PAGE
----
Lacan and the Jews

MELMAN Charles
Date publication : 03/02/2021
Dossier : Traduction éditoriaux
Sous dossier : En anglais


Lacan and the Jews


One has to be innocent to not hear in the choice of Rome for the inauguration of a teaching founded on the primacy of the Word, a reaction to the prevalence of Jerusalem in the field of psychoanalysis, particularly post-war psychoanalysis. And despite the fact that it was the Opus Dei and Action Française who brought in their inspectors in order to control a “Germanic influence upon the beautiful French youth”. This is openly written in the 1938 editions of Revue Française de Psychanalyse regarding which only a little while earlier had there been a discussion regarding the choice of the President of Honour, Freud or perhaps Prof. Claude, an obliging child psychiatrist who had agreed to take in psychoanalysts, including those sent to Paris by Vienna.

Lacan’s Roman engagement was also determined at once by the necessity to take account of social reality (the Communist Party was at that time violently hostile to this individualistic and “bourgeois science”) as well as a familiarity with the Jewish idea of an enigmatic divine knowledge that was always to be questioned, ordered the world and its creations. The search for such a directive knowledge in the unconscious was in this way homogenous with the historical repression of Judaism by Christianity and included the postulate that the important discovery was the seat of a presence capable of curing the faults of one’s presence in the world.

For Lacan it was clear (for Jung it was different) that such a postulate put a limit to the major cutting edge of Freud’s discovery, in other words that the subject was occupied by a nonsensical order with which it struggled to its great discomfort, that of language. The revelation, the true one, was that its determining material element was not the Word, which the kindly speaker postulated incidentally, but the letter of which no one can say that it owes nothing to nobody, but that it is tied, by separation, to some One, one that is completely blind, deaf and indifferent. Precisely the one that the hysteric tries to move to pity before sacrificing herself completely in order to attempt to substitute it with the figure of a generous and distributive profusion.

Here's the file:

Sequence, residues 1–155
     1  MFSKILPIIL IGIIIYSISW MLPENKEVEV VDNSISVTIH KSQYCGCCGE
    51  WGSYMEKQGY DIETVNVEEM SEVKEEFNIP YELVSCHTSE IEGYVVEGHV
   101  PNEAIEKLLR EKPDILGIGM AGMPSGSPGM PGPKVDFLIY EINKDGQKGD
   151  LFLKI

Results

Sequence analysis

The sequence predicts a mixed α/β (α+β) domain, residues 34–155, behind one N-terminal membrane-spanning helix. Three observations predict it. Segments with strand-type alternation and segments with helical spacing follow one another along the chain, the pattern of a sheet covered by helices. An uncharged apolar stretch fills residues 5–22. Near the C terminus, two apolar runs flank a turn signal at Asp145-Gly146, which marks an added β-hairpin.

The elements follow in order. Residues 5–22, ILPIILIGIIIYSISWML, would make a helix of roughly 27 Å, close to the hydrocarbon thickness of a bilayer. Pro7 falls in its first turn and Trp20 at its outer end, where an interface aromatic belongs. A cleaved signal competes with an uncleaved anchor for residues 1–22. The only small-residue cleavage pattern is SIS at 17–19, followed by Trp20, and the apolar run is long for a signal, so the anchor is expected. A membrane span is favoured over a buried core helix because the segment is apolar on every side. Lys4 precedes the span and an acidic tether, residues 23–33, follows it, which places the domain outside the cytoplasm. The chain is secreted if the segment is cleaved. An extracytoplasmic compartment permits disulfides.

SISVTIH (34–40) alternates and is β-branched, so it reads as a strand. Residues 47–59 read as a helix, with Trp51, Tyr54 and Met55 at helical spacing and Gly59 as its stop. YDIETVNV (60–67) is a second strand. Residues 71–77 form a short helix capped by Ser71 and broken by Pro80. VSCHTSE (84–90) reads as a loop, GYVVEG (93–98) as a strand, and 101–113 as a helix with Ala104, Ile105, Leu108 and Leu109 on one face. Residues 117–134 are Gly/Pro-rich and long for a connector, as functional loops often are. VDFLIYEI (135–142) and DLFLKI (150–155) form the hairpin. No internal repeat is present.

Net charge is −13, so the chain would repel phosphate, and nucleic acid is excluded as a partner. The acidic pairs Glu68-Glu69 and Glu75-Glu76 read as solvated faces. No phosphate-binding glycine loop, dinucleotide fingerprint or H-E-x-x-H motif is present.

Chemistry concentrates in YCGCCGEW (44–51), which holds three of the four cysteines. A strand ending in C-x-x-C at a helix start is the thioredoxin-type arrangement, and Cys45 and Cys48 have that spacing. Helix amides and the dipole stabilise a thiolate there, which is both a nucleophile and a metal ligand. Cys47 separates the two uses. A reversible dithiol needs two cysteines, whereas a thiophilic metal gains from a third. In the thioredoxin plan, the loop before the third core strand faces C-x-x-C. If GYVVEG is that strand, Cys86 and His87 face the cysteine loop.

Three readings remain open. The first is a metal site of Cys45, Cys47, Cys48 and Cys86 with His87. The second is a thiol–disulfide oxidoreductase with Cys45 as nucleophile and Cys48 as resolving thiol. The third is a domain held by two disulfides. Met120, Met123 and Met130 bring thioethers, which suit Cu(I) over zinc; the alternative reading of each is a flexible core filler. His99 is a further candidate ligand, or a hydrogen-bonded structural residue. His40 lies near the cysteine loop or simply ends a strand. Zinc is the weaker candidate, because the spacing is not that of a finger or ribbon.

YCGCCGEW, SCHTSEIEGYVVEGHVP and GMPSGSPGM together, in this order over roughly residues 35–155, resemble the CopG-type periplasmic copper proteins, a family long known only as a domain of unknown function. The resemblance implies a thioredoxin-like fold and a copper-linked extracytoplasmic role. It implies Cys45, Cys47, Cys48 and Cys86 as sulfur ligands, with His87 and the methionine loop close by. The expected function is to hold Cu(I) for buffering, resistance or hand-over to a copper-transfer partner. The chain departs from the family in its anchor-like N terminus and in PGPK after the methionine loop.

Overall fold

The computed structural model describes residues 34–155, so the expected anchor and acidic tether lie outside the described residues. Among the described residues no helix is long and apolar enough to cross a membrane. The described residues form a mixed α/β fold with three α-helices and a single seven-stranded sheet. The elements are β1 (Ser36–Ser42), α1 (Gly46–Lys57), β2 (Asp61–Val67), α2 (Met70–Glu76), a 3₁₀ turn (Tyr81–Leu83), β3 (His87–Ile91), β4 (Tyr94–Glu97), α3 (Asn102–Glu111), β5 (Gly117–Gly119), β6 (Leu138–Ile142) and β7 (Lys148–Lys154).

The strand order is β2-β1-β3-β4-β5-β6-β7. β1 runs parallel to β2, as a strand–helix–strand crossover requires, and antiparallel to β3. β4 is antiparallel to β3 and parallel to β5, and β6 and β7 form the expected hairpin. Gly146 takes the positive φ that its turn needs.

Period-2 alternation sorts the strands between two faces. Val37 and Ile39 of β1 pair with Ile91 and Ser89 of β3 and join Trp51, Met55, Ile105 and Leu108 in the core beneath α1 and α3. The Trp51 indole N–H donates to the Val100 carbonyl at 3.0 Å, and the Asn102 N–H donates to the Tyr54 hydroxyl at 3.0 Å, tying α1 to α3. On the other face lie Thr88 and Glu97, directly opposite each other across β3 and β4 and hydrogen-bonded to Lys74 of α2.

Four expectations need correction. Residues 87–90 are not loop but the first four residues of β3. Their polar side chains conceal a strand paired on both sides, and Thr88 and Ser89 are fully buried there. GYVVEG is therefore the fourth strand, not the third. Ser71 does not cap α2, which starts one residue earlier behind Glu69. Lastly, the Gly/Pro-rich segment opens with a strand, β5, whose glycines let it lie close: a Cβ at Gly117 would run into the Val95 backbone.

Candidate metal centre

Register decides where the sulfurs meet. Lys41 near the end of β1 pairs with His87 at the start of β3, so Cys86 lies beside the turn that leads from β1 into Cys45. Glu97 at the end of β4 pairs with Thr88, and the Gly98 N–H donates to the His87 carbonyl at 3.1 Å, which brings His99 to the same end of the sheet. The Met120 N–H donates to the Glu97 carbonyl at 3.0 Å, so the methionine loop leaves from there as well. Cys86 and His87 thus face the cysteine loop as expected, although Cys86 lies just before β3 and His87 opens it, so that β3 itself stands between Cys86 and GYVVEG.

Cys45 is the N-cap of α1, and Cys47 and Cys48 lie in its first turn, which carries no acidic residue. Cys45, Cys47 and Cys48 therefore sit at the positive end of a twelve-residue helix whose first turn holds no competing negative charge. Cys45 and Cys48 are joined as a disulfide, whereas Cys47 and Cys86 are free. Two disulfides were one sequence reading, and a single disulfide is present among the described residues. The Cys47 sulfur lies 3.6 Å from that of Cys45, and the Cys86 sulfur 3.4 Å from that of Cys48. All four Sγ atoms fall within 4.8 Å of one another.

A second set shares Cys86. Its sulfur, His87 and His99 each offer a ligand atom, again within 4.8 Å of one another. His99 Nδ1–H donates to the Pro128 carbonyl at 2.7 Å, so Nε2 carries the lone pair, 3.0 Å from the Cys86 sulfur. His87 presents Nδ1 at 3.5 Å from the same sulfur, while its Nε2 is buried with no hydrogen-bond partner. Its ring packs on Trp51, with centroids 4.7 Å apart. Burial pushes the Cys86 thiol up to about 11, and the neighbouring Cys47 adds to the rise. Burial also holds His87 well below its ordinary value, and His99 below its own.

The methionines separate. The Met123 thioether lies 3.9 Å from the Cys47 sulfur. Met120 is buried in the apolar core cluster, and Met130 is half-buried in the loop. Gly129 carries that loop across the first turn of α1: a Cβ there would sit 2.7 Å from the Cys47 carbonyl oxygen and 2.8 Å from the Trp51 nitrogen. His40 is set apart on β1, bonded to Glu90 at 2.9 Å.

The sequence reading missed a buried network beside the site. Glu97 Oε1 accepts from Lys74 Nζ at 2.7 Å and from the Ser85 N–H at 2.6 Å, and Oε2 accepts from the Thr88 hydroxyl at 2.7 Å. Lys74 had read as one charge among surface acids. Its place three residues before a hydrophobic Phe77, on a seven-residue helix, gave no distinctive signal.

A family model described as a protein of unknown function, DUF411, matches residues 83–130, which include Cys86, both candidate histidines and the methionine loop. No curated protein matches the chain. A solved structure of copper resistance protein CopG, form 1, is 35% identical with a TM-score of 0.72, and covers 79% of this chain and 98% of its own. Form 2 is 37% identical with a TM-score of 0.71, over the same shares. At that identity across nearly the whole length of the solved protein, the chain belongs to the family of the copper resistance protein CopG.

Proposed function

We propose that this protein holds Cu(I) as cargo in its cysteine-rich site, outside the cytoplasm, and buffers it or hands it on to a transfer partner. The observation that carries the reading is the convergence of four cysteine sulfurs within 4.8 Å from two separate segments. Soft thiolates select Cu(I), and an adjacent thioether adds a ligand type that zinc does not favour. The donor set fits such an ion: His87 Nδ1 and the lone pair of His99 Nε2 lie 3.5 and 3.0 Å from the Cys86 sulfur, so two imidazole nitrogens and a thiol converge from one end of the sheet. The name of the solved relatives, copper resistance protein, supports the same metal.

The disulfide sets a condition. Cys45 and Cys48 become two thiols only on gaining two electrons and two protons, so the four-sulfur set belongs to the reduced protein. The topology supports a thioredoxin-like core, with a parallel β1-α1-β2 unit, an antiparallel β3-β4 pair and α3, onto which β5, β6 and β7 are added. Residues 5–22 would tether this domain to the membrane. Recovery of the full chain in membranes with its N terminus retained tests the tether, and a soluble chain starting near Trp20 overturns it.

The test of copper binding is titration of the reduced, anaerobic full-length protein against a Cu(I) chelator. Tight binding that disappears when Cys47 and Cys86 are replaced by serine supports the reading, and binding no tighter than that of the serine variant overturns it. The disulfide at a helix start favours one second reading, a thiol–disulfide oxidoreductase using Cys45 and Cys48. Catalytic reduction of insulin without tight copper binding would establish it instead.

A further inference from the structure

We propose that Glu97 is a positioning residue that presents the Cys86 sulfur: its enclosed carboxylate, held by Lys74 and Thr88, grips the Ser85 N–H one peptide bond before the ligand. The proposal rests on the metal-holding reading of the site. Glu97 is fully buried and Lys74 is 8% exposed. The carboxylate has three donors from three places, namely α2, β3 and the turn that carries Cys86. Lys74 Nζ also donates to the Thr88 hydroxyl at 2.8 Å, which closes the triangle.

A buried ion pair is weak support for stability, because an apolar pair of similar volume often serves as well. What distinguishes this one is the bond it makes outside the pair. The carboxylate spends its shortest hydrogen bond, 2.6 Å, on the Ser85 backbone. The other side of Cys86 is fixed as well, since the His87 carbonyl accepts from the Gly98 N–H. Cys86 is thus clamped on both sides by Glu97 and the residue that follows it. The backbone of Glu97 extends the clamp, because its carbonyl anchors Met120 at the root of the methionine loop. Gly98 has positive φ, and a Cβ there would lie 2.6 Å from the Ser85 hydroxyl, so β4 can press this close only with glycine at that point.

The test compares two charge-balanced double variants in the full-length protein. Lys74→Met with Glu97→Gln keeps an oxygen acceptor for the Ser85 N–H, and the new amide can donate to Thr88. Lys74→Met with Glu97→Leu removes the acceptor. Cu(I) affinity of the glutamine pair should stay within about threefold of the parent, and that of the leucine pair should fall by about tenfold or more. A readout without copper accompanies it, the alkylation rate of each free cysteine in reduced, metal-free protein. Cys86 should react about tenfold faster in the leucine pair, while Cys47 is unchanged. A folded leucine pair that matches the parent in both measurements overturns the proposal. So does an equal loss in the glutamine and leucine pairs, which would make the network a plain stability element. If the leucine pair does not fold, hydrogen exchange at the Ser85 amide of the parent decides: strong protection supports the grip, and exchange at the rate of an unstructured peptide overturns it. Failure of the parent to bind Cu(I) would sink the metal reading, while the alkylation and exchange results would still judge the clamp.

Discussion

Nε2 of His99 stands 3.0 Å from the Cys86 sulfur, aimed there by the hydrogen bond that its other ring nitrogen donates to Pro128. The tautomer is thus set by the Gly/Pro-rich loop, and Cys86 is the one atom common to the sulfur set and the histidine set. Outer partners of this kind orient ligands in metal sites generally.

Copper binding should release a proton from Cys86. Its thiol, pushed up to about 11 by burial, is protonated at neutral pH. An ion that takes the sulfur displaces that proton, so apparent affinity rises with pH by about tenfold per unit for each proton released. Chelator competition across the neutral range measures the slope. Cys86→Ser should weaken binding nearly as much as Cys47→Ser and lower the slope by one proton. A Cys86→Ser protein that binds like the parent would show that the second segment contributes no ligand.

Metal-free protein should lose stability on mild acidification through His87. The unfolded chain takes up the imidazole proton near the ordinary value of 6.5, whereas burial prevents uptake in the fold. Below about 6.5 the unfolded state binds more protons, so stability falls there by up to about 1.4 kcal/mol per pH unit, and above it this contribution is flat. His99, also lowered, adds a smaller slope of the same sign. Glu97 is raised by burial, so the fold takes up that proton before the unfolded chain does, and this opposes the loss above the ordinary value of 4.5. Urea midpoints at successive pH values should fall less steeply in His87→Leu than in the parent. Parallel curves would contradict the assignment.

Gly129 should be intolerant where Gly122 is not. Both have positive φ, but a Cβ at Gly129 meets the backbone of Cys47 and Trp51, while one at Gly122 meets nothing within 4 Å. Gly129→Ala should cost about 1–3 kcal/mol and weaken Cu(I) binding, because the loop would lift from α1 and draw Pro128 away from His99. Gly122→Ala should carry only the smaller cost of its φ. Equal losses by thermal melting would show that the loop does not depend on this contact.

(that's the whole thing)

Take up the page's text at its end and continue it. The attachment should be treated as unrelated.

This discovery—it deserves its name, that of the determining role of the letter in the destiny of a subject—made Lacan believe that it would be of some interest from those who, from Jerusalem, honour this creative power of God who has no other body or means than that of the letter.

The fact that this is in no way the case could only add to its sentiment that neurosis and stupidity would be the winners.


                                                                                                                                                                                                                             Charles Melman

                                                                                                                                                                                                                            27 January 2021


  Traduction faite par Michael Plastow

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